Coronavirus: How Long It Lives, What You Can Do

Coronavirus: How Long It Lives, What You Can Do

( – The coronavirus is moving through the United States at terrifying speeds, and we’re just beginning to understand how the infection spreads. With the US death count reaching over 6,000 people as of April 2, and states going on lockdown left and right, researchers are taking a serious look at how long the virus can stay active after a person coughs or sneezes. The results have been mixed at best, but here’s what we know so far.

Most Recent Study

A study conducted specifically on SARS-CoV-2, the coronavirus currently ravaging the world, was just released by the New England Journal of Medicine. The National Institutes of Health released the findings, which showed the novel coronavirus can survive:

  • up to 3 hours in the air as an aerosol.
  • up to 4 hours on copper.
  • up to 24 hours on cardboard.
  • up to 3 days on plastic and stainless steel.

And if those numbers aren’t scary enough, a recent finding suggests the above studies could be dangerously optimistic.

A Startling New Discovery

The Diamond Princess cruise ship, which made headlines in February for having passengers quarantined due to an onboard outbreak of the novel coronavirus, has made breaking headlines again. CNBC reported that researchers who examined the ship’s cabins prior to sanitizing found coronavirus RNA on surfaces up to 17 days after the passengers left. This doesn’t necessarily mean the virus can remain viable that long, or that it can be transmitted effectively when it does persist on a surface, but it does press the need for additional testing. Similar results were also found in the Grand Princess cruise ship which docked in Oakland, California after crew and passengers became ill and were quarantined.

Previous Tests on Related Coronaviruses

An article recently published in the Journal of Hospital Infection showed different strains of SARS-CoV-1, the virus that caused the original SARS outbreak in 2002, could persist on numerous surfaces for days. For example, at room temperature:

  • Strain P9 could survive on wood and glass for 4 days, on paper for 4 to 5 days and on metal for up to 5 days.
  • Strain GVU6109 could live on paper for up to 24 hours and on a disposable gown for up to 2 days.
  • Strain HKU39849 could survive for up to 5 days on plastic.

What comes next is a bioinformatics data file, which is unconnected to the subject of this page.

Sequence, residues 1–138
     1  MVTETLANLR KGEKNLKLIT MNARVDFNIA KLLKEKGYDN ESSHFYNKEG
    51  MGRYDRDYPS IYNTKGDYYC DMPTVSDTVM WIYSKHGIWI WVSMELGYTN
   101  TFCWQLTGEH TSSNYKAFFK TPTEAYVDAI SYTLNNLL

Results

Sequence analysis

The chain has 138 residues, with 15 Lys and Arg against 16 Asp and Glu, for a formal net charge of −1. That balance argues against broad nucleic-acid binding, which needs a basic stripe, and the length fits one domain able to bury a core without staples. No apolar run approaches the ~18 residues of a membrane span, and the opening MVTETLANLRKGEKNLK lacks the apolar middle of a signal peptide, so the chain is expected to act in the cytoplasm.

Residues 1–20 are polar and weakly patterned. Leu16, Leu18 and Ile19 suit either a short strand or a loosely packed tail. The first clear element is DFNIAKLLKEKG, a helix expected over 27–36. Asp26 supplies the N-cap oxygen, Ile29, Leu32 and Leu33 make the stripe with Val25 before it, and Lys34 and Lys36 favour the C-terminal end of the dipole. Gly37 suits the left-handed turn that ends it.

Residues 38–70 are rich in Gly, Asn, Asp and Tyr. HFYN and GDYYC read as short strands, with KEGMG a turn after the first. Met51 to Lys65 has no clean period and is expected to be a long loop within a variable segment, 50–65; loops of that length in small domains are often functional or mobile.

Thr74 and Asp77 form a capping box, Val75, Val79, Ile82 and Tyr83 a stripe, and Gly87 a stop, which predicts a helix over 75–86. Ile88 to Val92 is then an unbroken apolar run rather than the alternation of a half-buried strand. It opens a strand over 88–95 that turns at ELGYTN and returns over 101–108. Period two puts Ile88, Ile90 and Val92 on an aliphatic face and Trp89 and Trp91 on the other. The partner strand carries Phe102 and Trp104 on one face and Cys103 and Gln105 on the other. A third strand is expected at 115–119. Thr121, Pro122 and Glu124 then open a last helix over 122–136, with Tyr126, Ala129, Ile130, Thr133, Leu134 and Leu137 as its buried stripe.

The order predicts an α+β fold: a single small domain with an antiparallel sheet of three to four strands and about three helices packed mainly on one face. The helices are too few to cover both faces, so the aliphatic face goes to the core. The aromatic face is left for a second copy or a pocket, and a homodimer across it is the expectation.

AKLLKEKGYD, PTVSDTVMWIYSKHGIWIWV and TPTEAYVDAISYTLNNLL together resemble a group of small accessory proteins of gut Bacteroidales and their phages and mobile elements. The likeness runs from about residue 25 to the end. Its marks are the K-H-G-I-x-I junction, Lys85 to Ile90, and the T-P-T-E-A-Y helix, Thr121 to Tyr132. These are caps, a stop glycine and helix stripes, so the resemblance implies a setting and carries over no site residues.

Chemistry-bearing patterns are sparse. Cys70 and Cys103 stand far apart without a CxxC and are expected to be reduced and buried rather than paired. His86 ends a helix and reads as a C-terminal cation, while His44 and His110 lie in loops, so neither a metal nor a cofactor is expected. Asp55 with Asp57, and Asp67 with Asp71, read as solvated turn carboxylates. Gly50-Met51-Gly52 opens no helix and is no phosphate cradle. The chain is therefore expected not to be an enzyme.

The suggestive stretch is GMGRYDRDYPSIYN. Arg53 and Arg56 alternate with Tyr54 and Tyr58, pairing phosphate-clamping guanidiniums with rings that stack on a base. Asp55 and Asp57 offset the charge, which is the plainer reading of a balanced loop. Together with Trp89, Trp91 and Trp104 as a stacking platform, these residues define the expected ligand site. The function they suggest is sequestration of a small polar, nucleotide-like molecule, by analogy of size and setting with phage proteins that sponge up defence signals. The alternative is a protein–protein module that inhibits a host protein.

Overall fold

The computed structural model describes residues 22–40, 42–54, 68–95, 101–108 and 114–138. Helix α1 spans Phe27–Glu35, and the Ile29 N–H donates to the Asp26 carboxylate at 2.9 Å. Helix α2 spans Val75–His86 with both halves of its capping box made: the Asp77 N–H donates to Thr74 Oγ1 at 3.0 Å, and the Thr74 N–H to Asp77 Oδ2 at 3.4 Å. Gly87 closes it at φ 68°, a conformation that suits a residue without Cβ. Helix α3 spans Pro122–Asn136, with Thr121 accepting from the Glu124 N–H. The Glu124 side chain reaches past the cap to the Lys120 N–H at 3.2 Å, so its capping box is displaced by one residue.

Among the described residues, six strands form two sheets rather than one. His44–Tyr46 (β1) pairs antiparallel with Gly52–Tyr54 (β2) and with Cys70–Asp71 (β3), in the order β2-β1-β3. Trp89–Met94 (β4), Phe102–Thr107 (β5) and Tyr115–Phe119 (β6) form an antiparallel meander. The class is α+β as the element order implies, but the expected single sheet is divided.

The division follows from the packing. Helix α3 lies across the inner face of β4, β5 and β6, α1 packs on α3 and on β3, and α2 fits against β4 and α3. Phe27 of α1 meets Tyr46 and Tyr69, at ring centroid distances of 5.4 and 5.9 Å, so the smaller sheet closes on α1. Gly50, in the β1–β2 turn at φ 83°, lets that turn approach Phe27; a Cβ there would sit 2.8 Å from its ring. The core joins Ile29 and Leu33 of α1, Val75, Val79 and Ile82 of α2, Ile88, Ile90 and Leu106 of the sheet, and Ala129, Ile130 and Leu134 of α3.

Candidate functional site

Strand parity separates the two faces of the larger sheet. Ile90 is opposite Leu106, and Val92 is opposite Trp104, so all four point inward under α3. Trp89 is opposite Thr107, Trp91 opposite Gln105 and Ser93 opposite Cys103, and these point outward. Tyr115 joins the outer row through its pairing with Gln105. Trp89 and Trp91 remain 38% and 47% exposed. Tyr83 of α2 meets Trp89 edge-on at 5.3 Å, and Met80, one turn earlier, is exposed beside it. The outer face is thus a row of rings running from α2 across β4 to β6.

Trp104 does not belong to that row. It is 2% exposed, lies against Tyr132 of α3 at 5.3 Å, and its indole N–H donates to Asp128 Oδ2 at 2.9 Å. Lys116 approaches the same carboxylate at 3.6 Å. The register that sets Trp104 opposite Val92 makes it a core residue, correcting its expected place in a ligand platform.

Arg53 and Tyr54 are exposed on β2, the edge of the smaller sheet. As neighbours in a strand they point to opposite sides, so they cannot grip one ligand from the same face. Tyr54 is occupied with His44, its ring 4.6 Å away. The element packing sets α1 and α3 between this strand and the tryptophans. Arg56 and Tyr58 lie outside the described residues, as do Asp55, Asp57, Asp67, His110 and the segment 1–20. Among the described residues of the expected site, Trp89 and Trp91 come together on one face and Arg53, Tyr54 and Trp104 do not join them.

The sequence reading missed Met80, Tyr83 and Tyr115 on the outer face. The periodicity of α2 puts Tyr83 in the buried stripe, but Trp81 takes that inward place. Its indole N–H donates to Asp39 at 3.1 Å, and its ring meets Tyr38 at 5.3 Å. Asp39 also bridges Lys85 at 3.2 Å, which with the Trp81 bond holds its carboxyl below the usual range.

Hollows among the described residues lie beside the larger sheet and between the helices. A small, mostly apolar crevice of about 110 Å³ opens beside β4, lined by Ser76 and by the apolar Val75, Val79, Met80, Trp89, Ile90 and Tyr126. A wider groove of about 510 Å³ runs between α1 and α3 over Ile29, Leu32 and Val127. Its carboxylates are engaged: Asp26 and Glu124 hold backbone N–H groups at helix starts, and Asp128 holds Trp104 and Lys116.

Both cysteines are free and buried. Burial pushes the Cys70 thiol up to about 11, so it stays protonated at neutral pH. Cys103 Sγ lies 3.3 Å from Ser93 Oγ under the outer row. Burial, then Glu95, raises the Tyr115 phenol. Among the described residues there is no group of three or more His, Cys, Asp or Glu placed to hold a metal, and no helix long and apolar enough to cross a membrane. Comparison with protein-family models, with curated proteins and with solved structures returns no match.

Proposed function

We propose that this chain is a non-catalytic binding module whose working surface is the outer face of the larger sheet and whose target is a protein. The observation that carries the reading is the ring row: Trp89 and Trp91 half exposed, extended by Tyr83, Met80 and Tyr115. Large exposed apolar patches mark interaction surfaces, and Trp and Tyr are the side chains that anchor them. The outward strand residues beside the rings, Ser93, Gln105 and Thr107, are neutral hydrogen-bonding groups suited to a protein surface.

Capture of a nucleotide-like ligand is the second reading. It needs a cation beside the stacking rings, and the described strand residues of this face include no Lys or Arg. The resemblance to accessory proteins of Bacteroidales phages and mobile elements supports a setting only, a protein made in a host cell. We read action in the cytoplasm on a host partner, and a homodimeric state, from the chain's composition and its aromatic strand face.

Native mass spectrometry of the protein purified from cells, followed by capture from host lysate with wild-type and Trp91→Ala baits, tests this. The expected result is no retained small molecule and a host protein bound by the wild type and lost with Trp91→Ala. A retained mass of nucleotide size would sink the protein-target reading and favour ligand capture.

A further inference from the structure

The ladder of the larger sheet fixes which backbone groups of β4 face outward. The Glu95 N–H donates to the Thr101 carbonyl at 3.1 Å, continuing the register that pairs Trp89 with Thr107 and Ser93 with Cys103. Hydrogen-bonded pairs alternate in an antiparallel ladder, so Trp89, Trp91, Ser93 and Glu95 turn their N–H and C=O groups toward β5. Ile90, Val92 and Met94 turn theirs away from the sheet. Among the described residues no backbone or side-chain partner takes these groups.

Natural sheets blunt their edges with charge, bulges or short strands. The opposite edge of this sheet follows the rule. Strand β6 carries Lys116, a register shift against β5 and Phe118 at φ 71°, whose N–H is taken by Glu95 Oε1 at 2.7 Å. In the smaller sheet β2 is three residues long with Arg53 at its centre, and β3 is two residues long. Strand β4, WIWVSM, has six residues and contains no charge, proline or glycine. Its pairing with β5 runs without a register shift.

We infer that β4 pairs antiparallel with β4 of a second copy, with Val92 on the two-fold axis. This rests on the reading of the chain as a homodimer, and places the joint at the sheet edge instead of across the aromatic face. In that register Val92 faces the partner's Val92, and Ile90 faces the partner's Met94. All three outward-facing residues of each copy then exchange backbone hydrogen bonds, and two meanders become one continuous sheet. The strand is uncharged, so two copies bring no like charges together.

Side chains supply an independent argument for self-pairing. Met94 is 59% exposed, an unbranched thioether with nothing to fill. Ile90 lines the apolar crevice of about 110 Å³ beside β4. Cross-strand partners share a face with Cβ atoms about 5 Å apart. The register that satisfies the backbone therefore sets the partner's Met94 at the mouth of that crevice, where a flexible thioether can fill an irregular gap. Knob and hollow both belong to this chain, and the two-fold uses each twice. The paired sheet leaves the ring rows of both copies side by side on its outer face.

• Strain FFM1 could persist on plastic for a whopping 6 to 9 days.

Other strains of coronaviruses that caused MERS survived for varying lengths of time ranging from a few hours to 8 days.

How to Stay Safe

Until we know more about how long this coronavirus can survive and remain infectious outside a host, it’s best to disinfect everything coming into your home — within reason, of course. For example, you might want to use a virus-approved disinfectant spray on packages and mail rather than dousing everything with a bleach solution. Remember never to mix bleach with any other household cleaner.

When grocery shopping, you might consider taking a supply of disinfectant wipes to wipe off the grocery cart handle and child seat. As you unpack your groceries, you can wipe those down as well.

Knowing the virus can remain on surfaces can be scary and even a big source of anxiety, for some. Try not to worry, though. Infectious disease experts agree that the odds of catching the virus from a surface is low, with the majority of people contracting the coronavirus from person-to-person contact from an infected person.

The new coronavirus could last a long time on surfaces entering your home. Be especially careful about communal items and items that multiple people might have handled, like your mail or packages. And don’t forget to practice good hand hygiene. While the risk of catching COVID-19 from a surface is believed to be low, it can’t hurt to take extra precautions.

~Here’s to Your Health & Safety!

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